FABSpotlight: Why This Summer Camp Gets an “A”!
The following blog post is by Peggy Healy Stearns, Lead Software Designer, Fab@School Maker Studio.
This summer camp takes every letter in STEAM seriously!
Located in Palm Beach County, Florida, the Lighthouse ArtCenter Full STEAM Ahead Summer Art Camp helps kids explore science, technology, engineering, and math. And shines a big spotlight on that oft elusive “A”!
Students in this unique summer camp explore traditional studio arts in the ArtCenter School, while the Gallery houses an exhibit of 100 original paintings and books from bestselling and Caldecott Award Winning children’s authors and illustrators. Interactive exhibits with movable gears and vinyl and felt boards for impromptu design offer further inspiration.
The center of activity is a new computer lab and maker space equipped with 17 computer stations, Fab@School Maker Studio software, and two Silhouette CAMEO 3 fabricators, all funded by the S. Kent Rockwell Foundation. The entire interactive gallery experience was the brainchild of curator Janeen Mason, herself an award-winning children’s author and illustrator.
In nine one-week camps, kids 5-12 organized by age rotate through four sessions per day. Three sessions are devoted to studio arts. During the fourth, they explore digital design and fabrication in the new computer lab.
Fernando Porras, an internationally acclaimed artist and an Adobe Illustrator aficionado, guides and inspires students on this creative adventure. After a brief introduction, kids plunge into Fab@School Maker Studio, first creating Ready Made files like butterfly and dolphin pop-ups, masks, cars, and houses.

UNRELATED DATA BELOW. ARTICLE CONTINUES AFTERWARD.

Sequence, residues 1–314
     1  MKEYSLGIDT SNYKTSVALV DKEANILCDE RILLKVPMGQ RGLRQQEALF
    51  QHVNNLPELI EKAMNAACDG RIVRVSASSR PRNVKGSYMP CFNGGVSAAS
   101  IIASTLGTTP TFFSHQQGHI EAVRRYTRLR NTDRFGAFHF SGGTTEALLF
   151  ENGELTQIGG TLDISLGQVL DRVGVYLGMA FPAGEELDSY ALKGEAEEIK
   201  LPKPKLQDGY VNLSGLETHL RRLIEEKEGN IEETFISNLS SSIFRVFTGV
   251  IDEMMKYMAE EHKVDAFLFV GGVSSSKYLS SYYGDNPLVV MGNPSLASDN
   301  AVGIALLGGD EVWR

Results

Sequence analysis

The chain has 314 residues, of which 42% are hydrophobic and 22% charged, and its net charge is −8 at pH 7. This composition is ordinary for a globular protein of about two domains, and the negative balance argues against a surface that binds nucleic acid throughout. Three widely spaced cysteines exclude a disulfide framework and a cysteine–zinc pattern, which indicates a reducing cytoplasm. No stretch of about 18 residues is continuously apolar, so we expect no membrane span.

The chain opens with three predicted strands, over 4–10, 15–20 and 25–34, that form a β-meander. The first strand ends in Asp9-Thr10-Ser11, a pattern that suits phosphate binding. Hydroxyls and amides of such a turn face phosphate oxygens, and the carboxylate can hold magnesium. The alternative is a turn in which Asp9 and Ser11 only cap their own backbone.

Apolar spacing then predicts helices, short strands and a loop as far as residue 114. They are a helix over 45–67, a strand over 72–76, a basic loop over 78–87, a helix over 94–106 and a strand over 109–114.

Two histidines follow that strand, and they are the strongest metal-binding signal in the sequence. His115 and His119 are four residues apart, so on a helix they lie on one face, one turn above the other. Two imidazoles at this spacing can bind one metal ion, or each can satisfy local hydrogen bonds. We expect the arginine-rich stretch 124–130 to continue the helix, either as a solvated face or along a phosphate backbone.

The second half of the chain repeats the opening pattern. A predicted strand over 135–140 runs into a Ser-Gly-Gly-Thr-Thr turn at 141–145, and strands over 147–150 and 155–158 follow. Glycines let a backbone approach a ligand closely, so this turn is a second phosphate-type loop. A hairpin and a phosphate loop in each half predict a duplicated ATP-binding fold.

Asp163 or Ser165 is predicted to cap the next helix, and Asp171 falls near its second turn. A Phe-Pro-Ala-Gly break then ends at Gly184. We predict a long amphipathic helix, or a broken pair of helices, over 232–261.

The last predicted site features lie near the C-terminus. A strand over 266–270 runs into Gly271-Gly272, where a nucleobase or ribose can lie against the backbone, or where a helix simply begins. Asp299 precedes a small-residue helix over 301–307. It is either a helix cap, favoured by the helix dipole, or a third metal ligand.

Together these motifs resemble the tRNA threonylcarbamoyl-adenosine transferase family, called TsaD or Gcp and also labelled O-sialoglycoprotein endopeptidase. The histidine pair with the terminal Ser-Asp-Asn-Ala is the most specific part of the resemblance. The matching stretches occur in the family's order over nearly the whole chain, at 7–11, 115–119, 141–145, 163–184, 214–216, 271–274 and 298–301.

Kids move quickly from starter projects to original designs, using FabMaker Studio tools to resize, reshape, weld, and cut holes. Soon even 6-year-olds are exploring more sophisticated features like Edit Points, morphing simple shapes into real and fantastical creatures.
The highlight of the summer camp is a collaborative work of art. Mr. Porras challenged campers to design real or imaginary creatures, plants, and objects to create habitats and communities. Before long, the display exploded with imagination as ocean, jungle, mountain, city, farm, space and arctic tundra took shape.
Kids collaborated and inspired each other to create dinosaurs and dragons, coral and jellyfish, bridges and buildings, hot air balloons, space shuttles, cable cars, and circus trains.
2D designs were created with welded shapes or drawn freehand with line tools. 3D designs were created with flat patterns folded into solids or with individual parts that fit together, like a dragon with wings that flap and legs that move.
At the end of the day, some kids aren’t ready to leave. They invite parents to see their creations and beg to sign up for another week. Before long, we had a waiting list for an adult class.
Kids are learning when they think they’re playing. Designing creatures and habitats and structures involves research and math and engineering and science. And art. Art that dazzles and thrills and amazes children and adults.
That’s why this summer camp gets a big “A”!
For more information about the Lighthouse ArtCenter, go to www.lighthousearts.org.